When Masahiro Tanaka took the mound in 2014, every one of his starts was an event, kind of like Matt Harvey with the Mets.
The Yankees need Tanaka Time back in a big way with the news that Nathan Eovaldi will be out for two weeks with inflammation in his right elbow.
Eovaldi has become the ace of the Yankees staff in his first season in New York, as he has a 14-3 record and a 4.20 ERA
Eovaldi had not lost a game from June 16th, when he was knocked out in his return to Miami, until this past Saturday, when he lost to Tampa Bay. He only gave up 3 runs in 5 1/3 innings on Saturday, but he struggled throughout, obviously due to the elbow injury.
Manager Joe Girardi said of Eovaldi’s injury on Tuesday afternoon, “Stevie (Donohue) had informed me that Evo had informed him that he was sore, in his elbow, so obviously he sent him for a test before the game even started, and talked to the doctor and I had already talked to you (the media).
“I was just really surprised because he had no problem before then. I blamed myself because a week ago, I said he was the one starter I didn’t have to worry about, said Girardi.
On how they will cover for his loss, Girardi said, “It’s not what you want this time of year, and it’s something that, we’ve had to overcome things this year, guys have had to step up, so we’re going to need someone to step up,” said Girardi.
The Yankees need Tanaka to be the one step up and become the ace of the staff again, as he was for much of last season, when he raced to an 11-1 record before suffering an elbow injury.
In the meantime, Eovaldi’s spot will essentially be taken by CC Sabathia, who is starting Wednesday after being out with knee pain. Nobody around the Yankees really views Sabathia as an ace anymore, as he stumbled to a 4-9 record with an astronomical 5.27 ERA.
This rotation is very fragile, as Sabathia, Ivan Nova, and Michael Pineda have all dealt with injuries this season and Luis Severino has never been in this spot before, as he just came up to the Yankees at the start of August.
Tanaka might still be the most fragile of the group, as he missed two months last season with a UCL tear in his elbow. It looked like Tanaka might have needed Tommy John surgery to repair it, but instead, he tried therapy and wound up coming back to make a couple starts in September.
This season, Tanaka missed the month of May with elbow tendinitis, and the thing with elbow injuries is, you never know when they can cause trouble.
Aside from Eovaldi, Tanaka has been the Yankees’ most reliable and consistent starter, with an 11-6 record and a very nice ERA of 3.73.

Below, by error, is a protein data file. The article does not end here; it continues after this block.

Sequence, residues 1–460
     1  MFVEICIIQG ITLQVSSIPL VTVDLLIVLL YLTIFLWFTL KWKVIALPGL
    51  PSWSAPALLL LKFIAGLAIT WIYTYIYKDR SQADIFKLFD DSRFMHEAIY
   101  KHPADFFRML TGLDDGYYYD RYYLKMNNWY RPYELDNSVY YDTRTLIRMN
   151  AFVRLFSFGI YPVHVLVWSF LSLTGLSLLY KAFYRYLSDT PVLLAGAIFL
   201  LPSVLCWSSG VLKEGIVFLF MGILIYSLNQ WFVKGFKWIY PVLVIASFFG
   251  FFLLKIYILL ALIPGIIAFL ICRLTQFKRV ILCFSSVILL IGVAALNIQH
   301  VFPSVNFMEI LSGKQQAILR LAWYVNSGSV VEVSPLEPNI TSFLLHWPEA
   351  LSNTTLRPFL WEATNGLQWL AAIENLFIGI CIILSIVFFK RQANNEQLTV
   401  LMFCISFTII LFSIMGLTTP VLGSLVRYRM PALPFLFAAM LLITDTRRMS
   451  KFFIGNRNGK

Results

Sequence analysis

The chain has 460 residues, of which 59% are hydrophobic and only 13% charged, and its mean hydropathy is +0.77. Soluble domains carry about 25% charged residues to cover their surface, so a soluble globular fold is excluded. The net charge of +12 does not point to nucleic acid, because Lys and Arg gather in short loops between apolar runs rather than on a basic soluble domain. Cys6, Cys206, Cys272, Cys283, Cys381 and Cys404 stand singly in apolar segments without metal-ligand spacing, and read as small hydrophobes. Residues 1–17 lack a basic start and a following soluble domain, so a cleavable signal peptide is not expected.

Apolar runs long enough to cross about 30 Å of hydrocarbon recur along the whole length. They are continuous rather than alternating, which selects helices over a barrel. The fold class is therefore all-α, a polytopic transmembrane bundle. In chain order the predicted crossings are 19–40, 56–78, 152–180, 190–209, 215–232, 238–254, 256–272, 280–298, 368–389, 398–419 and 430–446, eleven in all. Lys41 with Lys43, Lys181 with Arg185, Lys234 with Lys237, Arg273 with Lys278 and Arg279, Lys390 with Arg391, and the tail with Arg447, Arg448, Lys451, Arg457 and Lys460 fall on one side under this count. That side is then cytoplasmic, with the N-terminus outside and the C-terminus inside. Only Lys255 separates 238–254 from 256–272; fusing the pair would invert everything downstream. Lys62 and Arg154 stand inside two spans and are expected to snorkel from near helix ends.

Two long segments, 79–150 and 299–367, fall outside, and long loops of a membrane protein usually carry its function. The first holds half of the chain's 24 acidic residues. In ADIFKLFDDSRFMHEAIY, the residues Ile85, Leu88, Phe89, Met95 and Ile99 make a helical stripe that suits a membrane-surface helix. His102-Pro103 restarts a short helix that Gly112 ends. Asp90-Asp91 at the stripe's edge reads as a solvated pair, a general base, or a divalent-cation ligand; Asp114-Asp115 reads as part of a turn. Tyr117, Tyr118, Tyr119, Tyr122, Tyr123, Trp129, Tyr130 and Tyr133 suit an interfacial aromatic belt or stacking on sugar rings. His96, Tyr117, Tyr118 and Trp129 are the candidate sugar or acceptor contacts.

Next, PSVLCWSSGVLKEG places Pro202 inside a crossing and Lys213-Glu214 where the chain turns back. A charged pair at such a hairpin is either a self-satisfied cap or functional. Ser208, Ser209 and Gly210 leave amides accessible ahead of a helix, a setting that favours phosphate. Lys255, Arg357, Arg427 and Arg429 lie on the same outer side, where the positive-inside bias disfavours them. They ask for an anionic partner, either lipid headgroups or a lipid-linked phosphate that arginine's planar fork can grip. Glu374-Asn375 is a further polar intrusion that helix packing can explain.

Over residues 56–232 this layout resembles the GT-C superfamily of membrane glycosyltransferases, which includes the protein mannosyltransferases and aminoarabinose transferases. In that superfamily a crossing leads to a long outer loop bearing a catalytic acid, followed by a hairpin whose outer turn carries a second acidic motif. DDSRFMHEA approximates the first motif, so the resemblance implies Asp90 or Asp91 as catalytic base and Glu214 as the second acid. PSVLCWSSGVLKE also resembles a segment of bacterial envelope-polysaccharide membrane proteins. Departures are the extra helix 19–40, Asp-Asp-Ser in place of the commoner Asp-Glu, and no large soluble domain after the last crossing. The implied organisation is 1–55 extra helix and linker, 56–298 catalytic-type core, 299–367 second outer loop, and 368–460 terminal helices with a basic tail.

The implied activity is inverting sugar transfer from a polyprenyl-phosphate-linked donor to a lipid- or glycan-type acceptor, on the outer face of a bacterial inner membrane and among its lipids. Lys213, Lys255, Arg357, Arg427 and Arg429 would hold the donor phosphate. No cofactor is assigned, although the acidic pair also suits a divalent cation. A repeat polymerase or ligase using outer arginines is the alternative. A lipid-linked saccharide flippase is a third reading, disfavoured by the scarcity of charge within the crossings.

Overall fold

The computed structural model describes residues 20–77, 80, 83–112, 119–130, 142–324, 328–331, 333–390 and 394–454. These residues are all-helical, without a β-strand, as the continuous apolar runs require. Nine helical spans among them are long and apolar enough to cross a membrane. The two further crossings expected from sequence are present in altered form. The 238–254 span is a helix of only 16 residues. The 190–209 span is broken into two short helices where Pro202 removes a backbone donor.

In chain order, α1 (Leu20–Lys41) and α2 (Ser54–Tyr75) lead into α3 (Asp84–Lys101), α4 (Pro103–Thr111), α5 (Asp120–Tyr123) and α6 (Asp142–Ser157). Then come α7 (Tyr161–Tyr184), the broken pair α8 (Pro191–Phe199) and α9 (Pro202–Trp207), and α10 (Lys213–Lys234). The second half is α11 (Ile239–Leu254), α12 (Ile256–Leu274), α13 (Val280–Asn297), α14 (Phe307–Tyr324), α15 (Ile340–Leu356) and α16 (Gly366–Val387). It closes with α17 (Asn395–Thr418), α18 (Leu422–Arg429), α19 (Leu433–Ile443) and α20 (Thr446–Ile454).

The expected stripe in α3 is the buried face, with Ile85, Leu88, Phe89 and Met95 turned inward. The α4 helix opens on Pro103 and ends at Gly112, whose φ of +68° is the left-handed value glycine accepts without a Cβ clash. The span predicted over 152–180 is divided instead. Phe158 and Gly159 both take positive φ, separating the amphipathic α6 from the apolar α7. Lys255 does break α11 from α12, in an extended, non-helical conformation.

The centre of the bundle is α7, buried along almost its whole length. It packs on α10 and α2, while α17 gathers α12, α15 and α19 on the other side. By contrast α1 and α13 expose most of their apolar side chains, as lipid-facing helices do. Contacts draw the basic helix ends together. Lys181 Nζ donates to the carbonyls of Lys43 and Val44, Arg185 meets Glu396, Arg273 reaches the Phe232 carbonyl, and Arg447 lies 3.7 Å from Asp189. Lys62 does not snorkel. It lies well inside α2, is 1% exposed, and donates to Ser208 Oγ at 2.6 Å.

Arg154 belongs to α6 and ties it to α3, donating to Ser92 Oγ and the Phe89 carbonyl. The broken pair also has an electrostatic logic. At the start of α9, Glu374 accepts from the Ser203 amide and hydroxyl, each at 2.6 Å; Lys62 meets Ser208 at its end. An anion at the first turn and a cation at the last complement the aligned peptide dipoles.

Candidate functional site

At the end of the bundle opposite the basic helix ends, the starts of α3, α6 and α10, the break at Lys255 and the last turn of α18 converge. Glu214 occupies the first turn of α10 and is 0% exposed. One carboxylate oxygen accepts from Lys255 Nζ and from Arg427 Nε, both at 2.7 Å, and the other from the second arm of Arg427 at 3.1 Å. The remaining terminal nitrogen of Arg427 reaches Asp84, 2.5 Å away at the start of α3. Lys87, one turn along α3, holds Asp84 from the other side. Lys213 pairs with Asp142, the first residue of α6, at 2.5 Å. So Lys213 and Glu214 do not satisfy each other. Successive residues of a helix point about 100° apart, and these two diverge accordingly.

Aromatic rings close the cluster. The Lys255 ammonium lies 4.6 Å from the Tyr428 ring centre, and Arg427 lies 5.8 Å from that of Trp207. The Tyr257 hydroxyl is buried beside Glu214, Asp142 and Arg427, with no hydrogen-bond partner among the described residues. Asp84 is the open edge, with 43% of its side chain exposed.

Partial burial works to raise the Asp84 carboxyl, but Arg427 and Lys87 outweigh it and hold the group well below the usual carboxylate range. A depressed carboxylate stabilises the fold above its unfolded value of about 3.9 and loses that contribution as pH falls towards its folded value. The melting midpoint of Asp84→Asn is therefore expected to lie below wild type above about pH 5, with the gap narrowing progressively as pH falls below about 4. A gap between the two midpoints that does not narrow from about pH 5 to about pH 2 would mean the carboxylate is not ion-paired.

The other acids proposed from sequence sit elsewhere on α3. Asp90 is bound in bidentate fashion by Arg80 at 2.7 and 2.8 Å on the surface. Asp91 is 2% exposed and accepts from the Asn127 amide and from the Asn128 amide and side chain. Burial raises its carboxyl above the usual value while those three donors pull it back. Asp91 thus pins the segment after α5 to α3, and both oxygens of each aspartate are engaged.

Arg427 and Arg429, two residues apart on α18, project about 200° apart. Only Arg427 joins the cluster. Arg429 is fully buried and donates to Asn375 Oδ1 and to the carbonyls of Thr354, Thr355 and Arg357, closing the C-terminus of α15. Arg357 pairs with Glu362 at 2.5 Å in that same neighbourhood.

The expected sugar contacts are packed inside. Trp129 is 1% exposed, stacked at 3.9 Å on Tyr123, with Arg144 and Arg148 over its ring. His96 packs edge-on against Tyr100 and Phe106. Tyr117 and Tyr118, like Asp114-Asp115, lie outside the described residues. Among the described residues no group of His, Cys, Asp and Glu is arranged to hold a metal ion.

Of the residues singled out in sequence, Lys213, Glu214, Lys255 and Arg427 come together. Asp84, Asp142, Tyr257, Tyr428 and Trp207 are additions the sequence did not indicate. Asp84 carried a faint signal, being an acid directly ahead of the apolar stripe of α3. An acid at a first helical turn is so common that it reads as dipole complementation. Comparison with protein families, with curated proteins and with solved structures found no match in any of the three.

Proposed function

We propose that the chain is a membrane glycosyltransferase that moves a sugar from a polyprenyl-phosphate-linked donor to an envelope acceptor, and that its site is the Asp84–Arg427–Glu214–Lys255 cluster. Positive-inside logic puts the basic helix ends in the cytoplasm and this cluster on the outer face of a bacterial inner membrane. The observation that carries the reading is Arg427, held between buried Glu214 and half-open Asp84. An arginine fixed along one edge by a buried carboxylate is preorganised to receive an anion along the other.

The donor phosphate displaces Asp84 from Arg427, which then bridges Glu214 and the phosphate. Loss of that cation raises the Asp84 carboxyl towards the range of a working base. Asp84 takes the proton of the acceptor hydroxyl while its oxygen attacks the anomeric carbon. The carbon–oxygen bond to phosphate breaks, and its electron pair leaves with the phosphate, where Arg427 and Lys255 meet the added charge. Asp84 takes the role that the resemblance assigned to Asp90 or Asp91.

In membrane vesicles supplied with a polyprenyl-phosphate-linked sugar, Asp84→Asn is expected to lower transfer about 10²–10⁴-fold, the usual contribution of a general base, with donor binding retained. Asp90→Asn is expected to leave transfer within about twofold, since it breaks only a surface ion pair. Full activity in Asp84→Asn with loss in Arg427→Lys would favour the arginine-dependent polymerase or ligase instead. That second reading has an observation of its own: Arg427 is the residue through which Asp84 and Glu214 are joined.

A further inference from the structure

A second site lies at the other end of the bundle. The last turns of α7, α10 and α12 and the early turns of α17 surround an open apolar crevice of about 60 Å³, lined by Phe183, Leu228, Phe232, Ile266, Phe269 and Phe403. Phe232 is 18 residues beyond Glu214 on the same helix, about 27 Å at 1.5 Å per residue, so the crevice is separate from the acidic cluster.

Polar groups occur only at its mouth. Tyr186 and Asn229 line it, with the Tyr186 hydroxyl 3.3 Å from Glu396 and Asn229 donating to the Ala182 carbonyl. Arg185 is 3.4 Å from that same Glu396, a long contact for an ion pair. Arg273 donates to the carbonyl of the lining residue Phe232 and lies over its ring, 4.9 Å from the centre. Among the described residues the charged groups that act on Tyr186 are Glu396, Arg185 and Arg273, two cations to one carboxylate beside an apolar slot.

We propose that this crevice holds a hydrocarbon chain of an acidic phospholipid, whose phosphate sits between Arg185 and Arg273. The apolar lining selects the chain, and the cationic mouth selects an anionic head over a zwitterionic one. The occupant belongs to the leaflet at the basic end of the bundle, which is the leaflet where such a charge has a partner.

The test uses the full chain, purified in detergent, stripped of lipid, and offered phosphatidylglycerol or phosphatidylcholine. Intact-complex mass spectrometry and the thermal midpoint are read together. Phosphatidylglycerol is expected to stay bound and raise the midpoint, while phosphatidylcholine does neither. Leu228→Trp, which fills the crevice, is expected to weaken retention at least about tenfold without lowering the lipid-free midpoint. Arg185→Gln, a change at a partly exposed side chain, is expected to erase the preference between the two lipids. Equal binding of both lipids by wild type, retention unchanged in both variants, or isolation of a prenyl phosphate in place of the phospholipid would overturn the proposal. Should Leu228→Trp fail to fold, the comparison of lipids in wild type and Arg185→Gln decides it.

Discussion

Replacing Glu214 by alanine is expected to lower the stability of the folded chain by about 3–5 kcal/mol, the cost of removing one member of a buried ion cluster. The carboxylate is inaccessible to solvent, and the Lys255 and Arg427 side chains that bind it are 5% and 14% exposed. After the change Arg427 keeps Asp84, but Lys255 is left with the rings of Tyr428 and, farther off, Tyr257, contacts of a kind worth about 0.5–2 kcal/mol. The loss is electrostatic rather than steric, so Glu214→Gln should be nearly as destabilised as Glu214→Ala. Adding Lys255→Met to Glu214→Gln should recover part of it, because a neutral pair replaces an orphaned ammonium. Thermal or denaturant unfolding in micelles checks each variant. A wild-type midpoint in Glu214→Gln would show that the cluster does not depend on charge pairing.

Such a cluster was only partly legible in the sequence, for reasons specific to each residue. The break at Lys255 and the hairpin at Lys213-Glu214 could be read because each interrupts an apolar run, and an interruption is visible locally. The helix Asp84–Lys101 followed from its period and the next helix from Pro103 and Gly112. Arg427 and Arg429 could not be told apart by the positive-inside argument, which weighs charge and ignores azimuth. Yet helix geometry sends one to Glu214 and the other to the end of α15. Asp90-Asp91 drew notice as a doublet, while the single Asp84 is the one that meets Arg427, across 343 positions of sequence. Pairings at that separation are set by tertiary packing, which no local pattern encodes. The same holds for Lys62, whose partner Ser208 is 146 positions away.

He is 24-11 with a 3.23 ERA in 40 career starts. According to baseball-reference.com, he is the sixth Major League pitcher to record 24 wins in their first 40 career starts. The other five are Mark Fidrych (25), Cal Eldred (24), Boo Ferriss (24), Vic Raschi (24) and Babe Ruth (24). The big difference is all the wins Tanaka has in Japan before he came here.
The effects of the elbow injury, which has brought a loss in velocity, can be seen in Tanaka’s numbers this season. Entering Tuesday, he had 115 strikeouts in 128 innings, whereas last season, he had 135 in 129 1/3 innings before the elbow injury. He also has allowed 21 home runs this season in his 20 starts. His 1.48 home run per nine-inning ratio ranks ninth-highest in the American League.
Tanaka has only allowed more than four runs in just three starts this season, against Toronto on opening day, April 6th, when he allowed five runs, four earned, in four innings; June 21st against Detroit (five runs in five innings), and June 27th vs. Houston (six runs in five innings).
Since that Houston outing, Tanaka has made 11 starts with a 7-3 record. He has allowed over three runs just once, when he allowed four runs in six innings in Texas on July 29th. The way Texas hits, who can blame Tanaka for that?
The encouraging sign is how Tanaka has done against the Toronto Blue Jays, who the Yankees are battling for the American League East title. In back-to-back starts in August against Toronto, he allowed two runs on three hits, with five strikeouts, in six innings in a 2-0 loss at The Stadium on August 9th, followed by a complete game, one-run, five hit outing, with eight strikeouts, in a 4-1 Yankees win in Toronto on August 15th.
Among American League pitchers with at least 100 innings pitched, Tanaka has the third-lowest opponents’ on-base percentage at ,259 and seventh-lowest opponents’ batting average at .222.
Tanaka also has two streaks of five consecutive “quality starts,” from August 4th through 28th, and April 18th through June 15th. the two others, interestingly, are Luis Severino and Adam Warren, who might find his way back to the starting rotation.